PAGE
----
Among out honorees, you'll find old standbys like Joe’s in New York's West Village, Una Pizza Napoletana in San Francisco, and Pizzeria Bianco in Phoenix, and a few surprise climbs up through the ranks: Buddy’s in Detroit and Chicago’s Coalfire made it into the top 10. But you’ll have to check out the full list below, then read the gallery captions to learn why each place landed where it did. We will say that the top two pies were separated by just one vote (this is a big year for both of the pizzerias that produced them: one 90 this year and the other is about to celebrate its 50th anniversary).
One last thing: We know who we and our many panelists think serves the best pizzas in America, but we'd also like to know who you think does. That’s right, we’d like you to vote too. Check out the list, then click into our survey (learn more about the popular vote) and weigh in with the places we missed or that you think should have been ranked higher (or lower). We’ll publish the results in a few weeks.
#101 Ghigiarelli's, Old Forge, Pa. (Red: Tomato, brick cheese)
You have to credit a town that calls itself the "Pizza Capital of the World," especially if no one would have heard of it otherwise. Not Naples, Italy. Not New York City or Brooklyn, not Chicago, San Francisco, Los Angeles, or New Haven. Nope, Old Forge, Pennsylvania, claims this distinction, and on placards for the town, no less.
Some six places — Anthony's, Arcaro & Genell, Brutico's, Revello's, Rinaldi's, and Ghigiarelli’s — make up the pizzerias that constitute this gutsy claim. This Twilight Zone of pizza, this pizza capital of its own fashioning, might as well be a different country, too — they even have their own pizza language. Order by color (red or white) or by the cut or by the tray.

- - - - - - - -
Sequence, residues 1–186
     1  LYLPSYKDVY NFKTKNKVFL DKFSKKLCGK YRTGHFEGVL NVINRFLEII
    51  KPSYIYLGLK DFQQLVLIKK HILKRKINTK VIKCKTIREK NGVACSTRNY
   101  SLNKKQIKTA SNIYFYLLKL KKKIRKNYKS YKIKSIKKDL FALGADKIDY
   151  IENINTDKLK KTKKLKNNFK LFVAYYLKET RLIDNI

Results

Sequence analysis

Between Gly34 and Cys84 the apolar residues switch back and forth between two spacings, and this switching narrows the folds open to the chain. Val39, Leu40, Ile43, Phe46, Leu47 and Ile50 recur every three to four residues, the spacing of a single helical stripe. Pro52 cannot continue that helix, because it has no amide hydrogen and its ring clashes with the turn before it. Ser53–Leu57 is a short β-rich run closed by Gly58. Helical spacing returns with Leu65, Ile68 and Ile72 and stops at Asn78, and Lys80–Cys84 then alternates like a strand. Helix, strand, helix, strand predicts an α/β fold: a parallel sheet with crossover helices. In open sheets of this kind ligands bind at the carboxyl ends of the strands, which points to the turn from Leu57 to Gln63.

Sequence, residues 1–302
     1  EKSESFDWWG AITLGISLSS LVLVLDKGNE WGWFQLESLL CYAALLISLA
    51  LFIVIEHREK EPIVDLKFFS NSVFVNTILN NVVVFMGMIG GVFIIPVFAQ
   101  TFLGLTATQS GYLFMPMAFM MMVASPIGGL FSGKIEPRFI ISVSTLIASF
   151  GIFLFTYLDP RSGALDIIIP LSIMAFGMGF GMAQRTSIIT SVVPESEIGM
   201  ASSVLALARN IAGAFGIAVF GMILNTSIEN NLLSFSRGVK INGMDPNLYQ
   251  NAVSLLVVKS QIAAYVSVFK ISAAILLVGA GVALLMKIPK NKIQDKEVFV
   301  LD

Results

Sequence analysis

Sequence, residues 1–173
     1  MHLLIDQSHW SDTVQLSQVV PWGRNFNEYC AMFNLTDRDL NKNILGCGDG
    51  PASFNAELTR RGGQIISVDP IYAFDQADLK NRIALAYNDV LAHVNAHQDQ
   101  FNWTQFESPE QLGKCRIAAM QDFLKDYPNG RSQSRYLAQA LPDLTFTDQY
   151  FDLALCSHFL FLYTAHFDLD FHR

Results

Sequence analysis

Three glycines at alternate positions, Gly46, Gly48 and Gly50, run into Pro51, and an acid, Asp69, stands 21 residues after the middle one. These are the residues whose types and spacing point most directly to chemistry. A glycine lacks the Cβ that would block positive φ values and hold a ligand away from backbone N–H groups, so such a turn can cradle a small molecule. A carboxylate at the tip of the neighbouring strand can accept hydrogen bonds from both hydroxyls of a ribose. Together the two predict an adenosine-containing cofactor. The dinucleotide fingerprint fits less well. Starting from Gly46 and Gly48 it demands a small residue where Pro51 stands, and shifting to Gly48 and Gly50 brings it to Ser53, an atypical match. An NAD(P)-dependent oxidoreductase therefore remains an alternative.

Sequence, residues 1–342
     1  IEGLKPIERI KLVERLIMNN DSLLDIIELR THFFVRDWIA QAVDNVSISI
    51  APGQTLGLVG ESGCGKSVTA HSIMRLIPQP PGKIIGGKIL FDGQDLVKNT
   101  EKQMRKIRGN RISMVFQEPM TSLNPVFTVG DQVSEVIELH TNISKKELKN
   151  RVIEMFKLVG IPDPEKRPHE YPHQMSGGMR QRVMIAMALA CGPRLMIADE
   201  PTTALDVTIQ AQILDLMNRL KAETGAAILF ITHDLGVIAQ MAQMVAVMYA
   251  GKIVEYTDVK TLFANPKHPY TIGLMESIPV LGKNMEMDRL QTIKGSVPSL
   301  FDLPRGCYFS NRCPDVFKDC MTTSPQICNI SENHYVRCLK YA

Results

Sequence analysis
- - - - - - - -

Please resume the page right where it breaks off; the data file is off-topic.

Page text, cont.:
The mysterious cheese combination that covers the pizza in Old Forge is an enigmatic brick that coats your teeth and tongue in a curiously comforting yet puzzling way. The white pizza is calzone-like in that it has crust on top and bottom, but the way to go is the red pizza.
#100 800 Degrees Neapolitan Pizzeria, Los Angeles, Calif. (Margherita)
New Yorkers are still waiting for the planned five New York City locations of the West Coast-based Chipotle of pizza that co-creator and former Michael Mina corporate chef Anthony Carron and Umami Burger founder Adam Fleischman announced in late 2013, promising they would start “opening within the next year.”
Anyone doubtful of the possibility of quality, personalized, 60-second-cooked Neapolitan pies cooked by 800 Degrees Neapolitan Pizzeria and showing up next to the Starbucks in every neighborhood can nurture their chain-pizza skepticism, but they can’t ignore the seven locations in California, two in Nevada, one in Illinois, and international offshoots in Dubai and Japan (where seven more are slated to open over the next decade).
If you'd prefer not to view the gallery, check out the full list on page 2.